This MSc effectively transfers to students the knowledge and expertise gained by UCL space scientists over more than four decades and is taught by world-recognised researchers in the field. The programme aims to provide a broad understanding of all aspects of space science together with specialised training in research methods, directly applicable to a career in academia, the public and private sectors.

Degree information

The Space Science pathway is focussed on scientific research applications of space technology; it aims to equip participants with a sound knowledge of the physical principles essential to sustain careers in space research and related fields. Students develop a thorough understanding of the fundamentals of:

a range of space science fields
spacecraft, space science instrumentation, the space environment, space operations and space project management
Students undertake modules to the value of 180 credits.

The programme consists of four core modules (60 credits), three optional modules (45 credits), a group project (15 credits), and a research project (60 credits).

Core modules
-Space Data Systems and Processing
-Space Instrumentation and Applications
-Space Science, Environment and Satellite Missions
-Space Systems Engineering
-Group Project

Optional modules
-Planetary Atmospheres
-Solar Physics
-High Energy Astrophysics
-Space Plasma and Magnetospheric Physics
-Principles and Practice of Remote Sensing
-Global Monitoring and Security

Dissertation/report
All MSc students undertake an independent research project, which normally involves attachment to a research group, and culminates in a report of 10,000–12,000 words.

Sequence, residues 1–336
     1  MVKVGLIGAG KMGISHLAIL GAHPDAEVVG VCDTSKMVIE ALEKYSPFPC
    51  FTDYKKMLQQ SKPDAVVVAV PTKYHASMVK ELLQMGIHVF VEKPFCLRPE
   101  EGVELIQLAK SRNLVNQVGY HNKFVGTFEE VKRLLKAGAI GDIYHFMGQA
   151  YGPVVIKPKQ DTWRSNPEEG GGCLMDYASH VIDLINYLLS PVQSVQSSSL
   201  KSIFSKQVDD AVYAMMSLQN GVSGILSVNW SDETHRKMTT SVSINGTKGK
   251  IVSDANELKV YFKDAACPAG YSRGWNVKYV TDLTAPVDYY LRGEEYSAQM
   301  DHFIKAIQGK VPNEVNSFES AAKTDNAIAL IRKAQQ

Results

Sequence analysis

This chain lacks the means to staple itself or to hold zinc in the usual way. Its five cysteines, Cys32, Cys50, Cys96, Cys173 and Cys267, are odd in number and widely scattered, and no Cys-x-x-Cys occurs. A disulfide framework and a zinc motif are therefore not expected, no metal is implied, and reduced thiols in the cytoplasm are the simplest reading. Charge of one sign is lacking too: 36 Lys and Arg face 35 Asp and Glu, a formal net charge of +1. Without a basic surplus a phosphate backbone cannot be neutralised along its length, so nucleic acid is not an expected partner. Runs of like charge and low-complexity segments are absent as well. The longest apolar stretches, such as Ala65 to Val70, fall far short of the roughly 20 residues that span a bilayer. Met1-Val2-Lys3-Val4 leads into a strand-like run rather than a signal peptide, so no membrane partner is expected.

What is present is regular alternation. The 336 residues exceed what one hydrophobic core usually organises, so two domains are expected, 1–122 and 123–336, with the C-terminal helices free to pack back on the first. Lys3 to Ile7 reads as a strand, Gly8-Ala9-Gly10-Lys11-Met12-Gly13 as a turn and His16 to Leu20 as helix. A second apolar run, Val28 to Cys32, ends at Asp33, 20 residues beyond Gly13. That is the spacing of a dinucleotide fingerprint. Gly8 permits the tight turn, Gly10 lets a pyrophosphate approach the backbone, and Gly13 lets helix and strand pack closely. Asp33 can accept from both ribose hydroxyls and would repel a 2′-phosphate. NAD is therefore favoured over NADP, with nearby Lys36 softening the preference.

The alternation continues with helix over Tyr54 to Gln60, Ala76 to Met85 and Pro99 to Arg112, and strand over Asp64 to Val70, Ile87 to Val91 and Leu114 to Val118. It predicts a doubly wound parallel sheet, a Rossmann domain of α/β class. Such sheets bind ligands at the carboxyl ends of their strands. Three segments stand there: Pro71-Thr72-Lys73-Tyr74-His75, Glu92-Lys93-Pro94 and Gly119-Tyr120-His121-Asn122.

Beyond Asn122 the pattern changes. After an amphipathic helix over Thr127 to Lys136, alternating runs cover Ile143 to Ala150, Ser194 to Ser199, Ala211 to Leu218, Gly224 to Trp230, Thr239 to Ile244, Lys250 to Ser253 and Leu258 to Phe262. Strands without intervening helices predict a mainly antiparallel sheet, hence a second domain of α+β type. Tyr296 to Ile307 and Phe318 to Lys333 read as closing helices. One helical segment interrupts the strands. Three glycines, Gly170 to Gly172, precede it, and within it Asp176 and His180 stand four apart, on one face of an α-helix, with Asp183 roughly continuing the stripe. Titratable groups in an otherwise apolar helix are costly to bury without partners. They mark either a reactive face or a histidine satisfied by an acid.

Teaching and learning
The programme is delivered through a combination of lectures, tutorials, team-based coursework exercises, presentations and tutorials. Student performance is assessed through unseen written examination, coursework, and the individual and group projects.

Careers

The programme aims to prepare students for further research degrees and/or careers in space research or the space industry. First destinations of recent graduates include:
-University of Lancaster: PhD Solar Physics
-Irongate Archaeological Project: IT Specialist
-UCL: PhD Space Climate Physics

Why study this degree at UCL?

UCL’s Space & Climate Physics Department, located at the Mullard Space Science Laboratory, is a world-leading research organisation and is the largest university space science group in the UK.

It offers a unique environment at the forefront of space science research, where scientists and research students work alongside top engineers building and testing instruments for space, as well as studying the data from these and other spaceborne and ground-based instruments.

The close contact that the laboratory enjoys with space agencies such as ESA and NASA and with industrial research teams encourages the development of transferable skills which enhance job prospects in academic circles and beyond.

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The Masters in Astrophysics gives you an understanding of the principles and methods of modern astrophysics at a level appropriate for a professional physicist. Read more
The Masters in Astrophysics gives you an understanding of the principles and methods of modern astrophysics at a level appropriate for a professional physicist.

Why this programme

◾The School has a major role in the award winning NASA RHESSI X-ray mission studying solar flares and in several other forthcoming international space missions such as ESA’s Solar Orbiter.
◾The School plays a world-leading role in the design and operation of the worldwide network of laser interferometers leading the search for gravitational waves.